Resistant against side channels are crucial for cryptographic schemes, especially in the context of trusted computing platforms such as Trusted Platform Modules (TPMs) and Trusted Execution Environments (TEEs). In this talk, we discuss our work on black-box timing analysis of TPM 2.0 devices deployed on commodity computers (https://tpm.fail). Our analysis reveals that some of these devices feature secret-dependent execution times. We show how this information allows an attacker to apply lattice-based techniques to recover 256-bit private keys for signatures based on elliptic curves. As a result, we can extract private keys from widely-used TPM devices, while reporting two critical vulnerabilities: CVE-2019-11090 on Intel firmware-based TPM, and CVE-2019-16863 on a hardware TPM manufactured by STMicroelectronics, which is certified at Common Criteria (CC) EAL 4+.
We further highlight the impact of these vulnerabilities by exploiting one of these vulnerabilities in a remote attack against a StrongSwan IPsec VPN that uses a TPM to generate the digital signatures for authentication. In this attack, the remote client recovers the server’s private authentication key by only timing authentication handshakes. The vulnerabilities we have uncovered emphasize the difficulty of correctly implementing known constant-time techniques. Even certified devices that claim resistance against attacks require additional scrutiny by the community and industry, as we learn more about these attacks.
Finally, we discuss a practical tool, name MicroWalk to automatically test and find such vulnerabilities within cryptographic implementations. We show that automatic testing using our tool would have discovered these issues during the development. In summary, our talk marks the importance of stricter verification of cryptographic implementations, especially in the context of trusted computing platforms.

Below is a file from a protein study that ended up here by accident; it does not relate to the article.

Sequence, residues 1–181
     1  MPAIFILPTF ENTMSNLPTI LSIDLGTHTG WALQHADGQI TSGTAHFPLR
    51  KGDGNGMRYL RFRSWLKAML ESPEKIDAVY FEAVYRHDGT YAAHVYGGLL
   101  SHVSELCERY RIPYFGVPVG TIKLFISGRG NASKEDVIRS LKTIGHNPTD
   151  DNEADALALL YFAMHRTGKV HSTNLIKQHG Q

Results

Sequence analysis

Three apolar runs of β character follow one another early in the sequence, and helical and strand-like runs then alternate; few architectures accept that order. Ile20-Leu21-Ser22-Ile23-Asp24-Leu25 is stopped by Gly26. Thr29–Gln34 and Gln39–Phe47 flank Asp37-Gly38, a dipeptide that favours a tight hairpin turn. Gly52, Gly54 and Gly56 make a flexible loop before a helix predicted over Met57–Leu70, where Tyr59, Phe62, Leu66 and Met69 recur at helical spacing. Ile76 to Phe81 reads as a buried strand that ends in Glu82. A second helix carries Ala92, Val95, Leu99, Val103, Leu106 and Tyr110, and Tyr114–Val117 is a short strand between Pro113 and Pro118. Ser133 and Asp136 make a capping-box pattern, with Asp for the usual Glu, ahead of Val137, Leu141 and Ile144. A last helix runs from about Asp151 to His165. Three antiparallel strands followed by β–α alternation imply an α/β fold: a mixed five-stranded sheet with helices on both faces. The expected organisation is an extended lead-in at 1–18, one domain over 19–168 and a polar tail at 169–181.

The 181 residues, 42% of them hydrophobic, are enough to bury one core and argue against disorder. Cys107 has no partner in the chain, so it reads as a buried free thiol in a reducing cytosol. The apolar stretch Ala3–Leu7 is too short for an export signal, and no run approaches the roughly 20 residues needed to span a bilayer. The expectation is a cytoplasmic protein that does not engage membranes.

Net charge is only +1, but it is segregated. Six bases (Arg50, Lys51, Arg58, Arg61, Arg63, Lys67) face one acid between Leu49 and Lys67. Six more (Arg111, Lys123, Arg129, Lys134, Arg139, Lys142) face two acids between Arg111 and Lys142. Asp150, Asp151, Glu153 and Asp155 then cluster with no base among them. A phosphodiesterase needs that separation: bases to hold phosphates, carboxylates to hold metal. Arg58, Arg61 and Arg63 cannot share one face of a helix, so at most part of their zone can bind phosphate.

Daniel Moghimi is a PhD candidate in the Department of Electrical and Computer Engineering at Worcester Polytechnic Institute (WPI). He received his Master of Science degree from the Department of Computer Science at WPI in 2017. His research interests are in the area of computer security with special focus on side channels and microarchitectural attacks. He has published in toptier academic conferences including papers in Usenix Security, ACM CCS, IEEE S&P. Some of his notable publications including Spoiler, ZombieLoad and TPMFail have been featured in the news articles by Forbes, Wired and The Register. In his free time, He enjoys reverse engineering, finding vulnerabilities and being involved with various sports and outdoor activities.